By Dominique Vidalon
PARIS (Reuters) - French food group Danone
The world's largest yoghurt maker, whose brands include Actimel and Activia, said action to restore sales in affected Asian markets was generating "very gradual" results and that it did not expect these sales to recover before early 2014.
"We are not yet seeing a recovery in our sales (in the affected markets)," Chief Financial Officer Pierre-Andre Terisse told journalists.
Sales to consumers in these markets last month represented only 40 percent of their pre-crisis level in July, he said.
To counter weakness in Europe, the maker of Bledina baby food and Volvic water has been expanding in fast-growing markets in Asia, notably China, where previous food-safety scares have boosted demand for foreign baby milk formula.
China is an important market for Danone's baby food division, which accounts for 20 percent of group sales, making it the No. 2 contributor after dairy.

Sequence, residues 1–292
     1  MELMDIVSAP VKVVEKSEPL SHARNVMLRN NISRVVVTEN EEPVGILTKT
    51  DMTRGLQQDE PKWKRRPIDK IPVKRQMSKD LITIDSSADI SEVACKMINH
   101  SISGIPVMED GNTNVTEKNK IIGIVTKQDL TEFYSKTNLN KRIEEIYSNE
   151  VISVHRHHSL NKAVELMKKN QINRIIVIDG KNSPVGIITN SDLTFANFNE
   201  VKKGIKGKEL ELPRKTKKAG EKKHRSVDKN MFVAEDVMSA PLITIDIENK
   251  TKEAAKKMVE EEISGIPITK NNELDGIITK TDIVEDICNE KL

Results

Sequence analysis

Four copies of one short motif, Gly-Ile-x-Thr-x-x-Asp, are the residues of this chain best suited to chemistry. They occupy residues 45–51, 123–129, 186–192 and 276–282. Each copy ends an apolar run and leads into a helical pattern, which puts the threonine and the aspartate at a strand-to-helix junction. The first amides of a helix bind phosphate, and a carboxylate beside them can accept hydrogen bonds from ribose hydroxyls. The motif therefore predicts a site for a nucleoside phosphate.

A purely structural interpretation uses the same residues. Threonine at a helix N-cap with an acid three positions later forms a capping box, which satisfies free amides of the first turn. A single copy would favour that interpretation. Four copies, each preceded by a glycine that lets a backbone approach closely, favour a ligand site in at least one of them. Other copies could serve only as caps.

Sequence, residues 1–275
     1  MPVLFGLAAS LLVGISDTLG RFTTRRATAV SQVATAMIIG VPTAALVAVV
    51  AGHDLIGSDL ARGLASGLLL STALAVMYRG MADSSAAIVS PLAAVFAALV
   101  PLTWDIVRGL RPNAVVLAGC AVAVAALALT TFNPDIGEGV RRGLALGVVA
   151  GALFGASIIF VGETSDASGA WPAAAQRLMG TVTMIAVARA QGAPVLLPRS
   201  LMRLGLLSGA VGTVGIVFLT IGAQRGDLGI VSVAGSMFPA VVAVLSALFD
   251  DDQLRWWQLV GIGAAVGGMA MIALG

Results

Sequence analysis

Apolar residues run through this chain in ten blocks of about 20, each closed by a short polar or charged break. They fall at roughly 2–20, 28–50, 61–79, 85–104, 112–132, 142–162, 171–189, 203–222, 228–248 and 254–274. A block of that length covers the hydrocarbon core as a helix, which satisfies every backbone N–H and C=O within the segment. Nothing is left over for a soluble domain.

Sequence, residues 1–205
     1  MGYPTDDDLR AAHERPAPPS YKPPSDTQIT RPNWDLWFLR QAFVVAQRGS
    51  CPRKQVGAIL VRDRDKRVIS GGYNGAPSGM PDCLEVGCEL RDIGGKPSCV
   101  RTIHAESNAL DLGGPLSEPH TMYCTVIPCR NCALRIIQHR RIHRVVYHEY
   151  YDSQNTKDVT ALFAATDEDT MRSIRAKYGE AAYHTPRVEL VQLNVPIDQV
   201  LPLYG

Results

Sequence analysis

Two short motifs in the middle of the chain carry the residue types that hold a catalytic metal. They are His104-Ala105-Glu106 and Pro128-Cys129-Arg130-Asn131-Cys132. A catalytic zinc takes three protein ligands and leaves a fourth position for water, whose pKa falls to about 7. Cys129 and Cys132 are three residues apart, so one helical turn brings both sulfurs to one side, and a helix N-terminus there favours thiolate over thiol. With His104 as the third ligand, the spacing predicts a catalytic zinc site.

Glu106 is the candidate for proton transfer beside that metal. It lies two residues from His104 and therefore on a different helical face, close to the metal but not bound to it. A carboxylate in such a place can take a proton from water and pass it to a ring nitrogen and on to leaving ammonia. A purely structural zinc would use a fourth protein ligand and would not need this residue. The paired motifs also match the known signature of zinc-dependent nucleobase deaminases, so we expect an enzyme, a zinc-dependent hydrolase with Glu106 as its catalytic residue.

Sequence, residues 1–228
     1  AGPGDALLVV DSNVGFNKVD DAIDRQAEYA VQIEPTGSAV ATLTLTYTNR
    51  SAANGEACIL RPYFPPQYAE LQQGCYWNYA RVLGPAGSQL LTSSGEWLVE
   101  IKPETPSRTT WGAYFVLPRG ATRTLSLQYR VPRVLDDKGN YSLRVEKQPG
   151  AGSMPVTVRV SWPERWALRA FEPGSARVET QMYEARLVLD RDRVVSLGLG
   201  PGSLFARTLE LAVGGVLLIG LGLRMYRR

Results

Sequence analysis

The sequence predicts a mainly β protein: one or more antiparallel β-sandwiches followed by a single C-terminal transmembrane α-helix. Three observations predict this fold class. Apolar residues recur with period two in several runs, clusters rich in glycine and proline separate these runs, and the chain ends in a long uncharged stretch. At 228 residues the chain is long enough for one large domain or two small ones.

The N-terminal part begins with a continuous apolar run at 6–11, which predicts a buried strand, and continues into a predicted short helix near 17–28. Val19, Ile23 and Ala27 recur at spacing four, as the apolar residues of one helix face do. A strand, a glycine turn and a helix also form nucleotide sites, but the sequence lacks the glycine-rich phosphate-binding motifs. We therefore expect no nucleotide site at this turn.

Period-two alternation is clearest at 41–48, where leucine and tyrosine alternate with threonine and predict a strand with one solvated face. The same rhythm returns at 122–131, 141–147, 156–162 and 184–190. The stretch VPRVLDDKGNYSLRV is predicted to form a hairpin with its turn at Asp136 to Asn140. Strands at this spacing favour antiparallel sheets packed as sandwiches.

But Danone has faced a variety of problems in China this year. In August it had to recall infant formula products in Asia due to an unfounded health scare stemming from New Zealand-based supplier Fonterra
Danone said that as a result of the Fonterra recall its baby food sales fell 8.6 percent in the quarter, reversing a 15.2 percent rise in the first-half. This was much worse than average market expectations of a 3 percent decline.
Danone said the Fonterra recall would cost it 350 million euros (295 million pounds) in lost 2013 sales, 280 million in lost margin and 300 million in lost cash.
Growth improved in the quarter at Danone's core dairy division, however, while its water business benefited from a hot summer in Europe.
Danone said third-quarter group sales rose 4.2 percent like-for-like to 5.259 billion euros, a slowdown from 6.5 percent growth in the second quarter.
This was below the average estimate of 4.8 percent in a Reuters poll of six analysts and in the company-compiled consensus of analysts.
For 2013, Danone said it now expected 2013 like-for-like sales growth of between 4.5 percent and 5 percent.
It also now expects its full-year operating margin to decrease by 80 basis points against a previous forecast of a decline of between 30 and
(Editing by James Regan)